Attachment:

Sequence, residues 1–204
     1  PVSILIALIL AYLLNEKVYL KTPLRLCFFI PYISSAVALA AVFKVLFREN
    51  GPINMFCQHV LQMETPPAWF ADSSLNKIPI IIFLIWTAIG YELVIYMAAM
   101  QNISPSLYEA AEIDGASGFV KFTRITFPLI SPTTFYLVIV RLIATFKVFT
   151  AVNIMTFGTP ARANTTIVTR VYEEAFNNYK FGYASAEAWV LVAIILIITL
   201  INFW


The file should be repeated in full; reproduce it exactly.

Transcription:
Sequence, residues 1–204
     1  PVSILIALIL AYLLNEKVYL KTPLRLCFFI PYISSAVALA AVFKVLFREN
    51  GPINMFCQHV LQMETPPAWF ADSSLNKIPI IIFLIWTAIG YELVIYMAAM
   101  QNISPSLYEA AEIDGASGFV KFTRITFPLI SPTTFYLVIV RLIATFKVFT
   151  AVNIMTFGTP ARANTTIVTR VYEEAFNNYK FGYASAEAWV LVAIILIITL
   201  INFW